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3 ways I can use top stocks to get exposure to crypto

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Over the past year, interest in cryptocurrency has really exploded. This can be seen from the rally in key coins, such as Bitcoin. The crypto market-cap surpassed $3trn earlier this year. Yet some traditional stock investors might feel uncomfortable buying coins directly. Therefore, here are three ways I can buy stocks that give me exposure to crypto.

Getting involved in the crypto exchanges

The first way is by investing in a crypto marketplace, such as Coinbase. Since going public back in the spring, Coinbase has provided access for stock investors like myself to get a piece of the crypto action. It operates as an online exchange platform, allowing people to buy and sell crypto much in the same way as a traditional stock exchange. 

If I believe crypto is going to continue to grow in years to come, then Coinbase shares should rally as well. Higher trading volumes on the platform, more coins listed, more products offered etc etc, will all be positive for the business. 

I need to be aware that Coinbase shares will also mirror company-specific issues, such as potential tussles with regulators. But, for the most part, I think if crypto does well, I see Coinbase as a top stock that should benefit.

High volatility with miners

Secondly, I could invest in a crypto mining company like Argo Blockchain. In my opinion, this is as direct as I can go while still buying a listed stock. 

Argo generates revenue from the value of the Bitcoin and other coins it mines. So if the price of Bitcoin rallies, then the value of the mined coin will be higher. This will increase profits for the company. It’s a similar way for a commodity miner. If gold prices spike, the share price for a gold miner usually rallies as well. 

Therefore, I see Argo (or other alternatives) as top stocks in this regard. Clearly, the sensitivity of the share price to crypto movements is high. This can be seen as a risk, or a positive thing, depending on where I think crypto prices will head in the future!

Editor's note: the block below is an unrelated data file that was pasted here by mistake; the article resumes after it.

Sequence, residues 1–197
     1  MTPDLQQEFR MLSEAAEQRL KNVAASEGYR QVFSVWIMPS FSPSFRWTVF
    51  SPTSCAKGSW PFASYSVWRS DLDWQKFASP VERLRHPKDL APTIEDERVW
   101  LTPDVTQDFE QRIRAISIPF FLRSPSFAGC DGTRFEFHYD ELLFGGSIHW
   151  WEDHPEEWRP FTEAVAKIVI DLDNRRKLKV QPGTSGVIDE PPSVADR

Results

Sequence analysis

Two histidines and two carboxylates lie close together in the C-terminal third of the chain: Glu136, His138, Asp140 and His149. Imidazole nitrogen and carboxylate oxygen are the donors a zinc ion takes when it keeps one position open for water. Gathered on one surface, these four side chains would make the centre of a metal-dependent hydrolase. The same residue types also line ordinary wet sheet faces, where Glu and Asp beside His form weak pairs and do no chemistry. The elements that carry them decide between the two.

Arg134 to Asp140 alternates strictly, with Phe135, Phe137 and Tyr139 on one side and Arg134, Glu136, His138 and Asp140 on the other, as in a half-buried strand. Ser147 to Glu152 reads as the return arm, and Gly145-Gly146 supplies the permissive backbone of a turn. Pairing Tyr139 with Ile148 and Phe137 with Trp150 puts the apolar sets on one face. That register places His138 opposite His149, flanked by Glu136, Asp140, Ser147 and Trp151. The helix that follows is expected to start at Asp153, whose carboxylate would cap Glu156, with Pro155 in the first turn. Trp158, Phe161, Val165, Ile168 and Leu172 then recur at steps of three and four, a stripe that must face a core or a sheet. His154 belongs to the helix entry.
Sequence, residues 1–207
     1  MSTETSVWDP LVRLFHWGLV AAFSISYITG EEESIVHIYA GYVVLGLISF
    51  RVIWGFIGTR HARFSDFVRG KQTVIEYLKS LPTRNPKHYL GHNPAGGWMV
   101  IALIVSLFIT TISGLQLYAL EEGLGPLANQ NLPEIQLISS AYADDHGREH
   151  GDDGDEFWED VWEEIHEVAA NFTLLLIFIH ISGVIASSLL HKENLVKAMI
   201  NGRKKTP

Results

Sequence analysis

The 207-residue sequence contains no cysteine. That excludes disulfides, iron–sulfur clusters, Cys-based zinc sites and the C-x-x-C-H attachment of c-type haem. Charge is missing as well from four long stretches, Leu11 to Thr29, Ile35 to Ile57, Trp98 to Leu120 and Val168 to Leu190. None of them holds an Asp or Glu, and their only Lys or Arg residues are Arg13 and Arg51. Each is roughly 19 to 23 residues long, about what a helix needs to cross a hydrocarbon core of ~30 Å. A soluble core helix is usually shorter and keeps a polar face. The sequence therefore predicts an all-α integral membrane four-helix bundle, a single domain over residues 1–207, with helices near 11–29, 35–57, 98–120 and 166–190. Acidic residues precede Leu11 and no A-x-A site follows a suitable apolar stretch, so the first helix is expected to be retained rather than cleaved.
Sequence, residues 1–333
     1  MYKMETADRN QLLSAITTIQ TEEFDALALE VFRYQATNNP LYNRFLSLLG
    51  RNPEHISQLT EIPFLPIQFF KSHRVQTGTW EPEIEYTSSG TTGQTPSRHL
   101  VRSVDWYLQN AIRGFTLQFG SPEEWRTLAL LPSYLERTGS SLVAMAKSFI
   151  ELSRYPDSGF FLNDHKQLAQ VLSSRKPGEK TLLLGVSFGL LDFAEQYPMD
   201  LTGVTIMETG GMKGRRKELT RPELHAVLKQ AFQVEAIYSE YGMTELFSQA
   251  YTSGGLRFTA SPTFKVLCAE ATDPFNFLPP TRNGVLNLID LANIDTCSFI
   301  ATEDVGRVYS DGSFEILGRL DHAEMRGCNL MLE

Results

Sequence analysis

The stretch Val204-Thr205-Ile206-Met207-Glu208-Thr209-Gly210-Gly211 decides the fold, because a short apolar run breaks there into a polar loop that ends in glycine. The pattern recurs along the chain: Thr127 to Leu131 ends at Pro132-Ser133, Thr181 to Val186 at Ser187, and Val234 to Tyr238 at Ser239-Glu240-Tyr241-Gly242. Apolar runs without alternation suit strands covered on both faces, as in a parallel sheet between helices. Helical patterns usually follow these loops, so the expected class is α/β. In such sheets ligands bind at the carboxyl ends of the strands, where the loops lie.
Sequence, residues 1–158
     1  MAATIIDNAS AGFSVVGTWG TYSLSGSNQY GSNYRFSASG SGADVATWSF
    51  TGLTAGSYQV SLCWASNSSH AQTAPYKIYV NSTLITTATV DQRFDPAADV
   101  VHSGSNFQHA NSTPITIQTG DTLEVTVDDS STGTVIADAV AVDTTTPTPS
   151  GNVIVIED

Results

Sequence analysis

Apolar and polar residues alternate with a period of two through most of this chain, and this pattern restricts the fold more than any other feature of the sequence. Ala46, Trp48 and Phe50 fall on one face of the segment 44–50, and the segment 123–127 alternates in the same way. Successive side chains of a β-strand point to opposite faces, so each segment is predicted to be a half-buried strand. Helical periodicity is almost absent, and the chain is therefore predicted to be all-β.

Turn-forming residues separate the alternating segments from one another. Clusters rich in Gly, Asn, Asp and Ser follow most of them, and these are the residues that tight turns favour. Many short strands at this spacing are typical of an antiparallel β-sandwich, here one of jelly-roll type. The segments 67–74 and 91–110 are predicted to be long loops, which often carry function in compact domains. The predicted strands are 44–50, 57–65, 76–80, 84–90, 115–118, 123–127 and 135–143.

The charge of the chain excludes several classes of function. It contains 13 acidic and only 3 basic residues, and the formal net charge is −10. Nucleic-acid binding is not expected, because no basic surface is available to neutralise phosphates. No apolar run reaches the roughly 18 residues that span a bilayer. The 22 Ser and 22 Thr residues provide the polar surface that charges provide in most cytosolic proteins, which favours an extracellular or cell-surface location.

Using established top stocks

Finally, I buy companies that are working with different cryptocurrencies. For example, Meta (the rebranded Facebook), is making its own digital currency known. Other companies are exploring the possibility of either making a coin, or partnering with an existing one.

I think this is a nice way of using an established top stock to get exposure to crypto. Meta has other core operations (like social media) that generates revenue. If the new currency does well then, great. But ultimately, the share price shouldn’t be as volatile as something like a crypto miner. 

The risk is that the share price for these top stocks are unlikely to be that correlated to Bitcoin or other coins. Unless the good news is associated with their specific coin, I don’t see a large amount of upside.

Overall, I think crypto will continue to grow in size in coming years. Therefore, I’m considering all three options (and stocks) as worthy investments at the moment.

The post 3 ways I can use top stocks to get exposure to crypto appeared first on The Motley Fool UK.

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Jon Smith has no position in any share mentioned. Randi Zuckerberg, a former director of market development and spokeswoman for Facebook and sister to Meta Platforms CEO Mark Zuckerberg, is a member of The Motley Fool’s board of directors. The Motley Fool UK has no position in any of the shares mentioned. Views expressed on the companies mentioned in this article are those of the writer and therefore may differ from the official recommendations we make in our subscription services such as Share Advisor, Hidden Winners and Pro. Here at The Motley Fool we believe that considering a diverse range of insights makes us better investors.

The content in this article is provided for information purposes only. It is not intended to be, neither does it constitute, any form of investment advice. Bitcoin and other cryptocurrencies are highly speculative and volatile assets, which carry several risks, including the total loss of any monies invested. Readers are responsible for carrying out their own due diligence and for obtaining professional advice before making any investment decisions.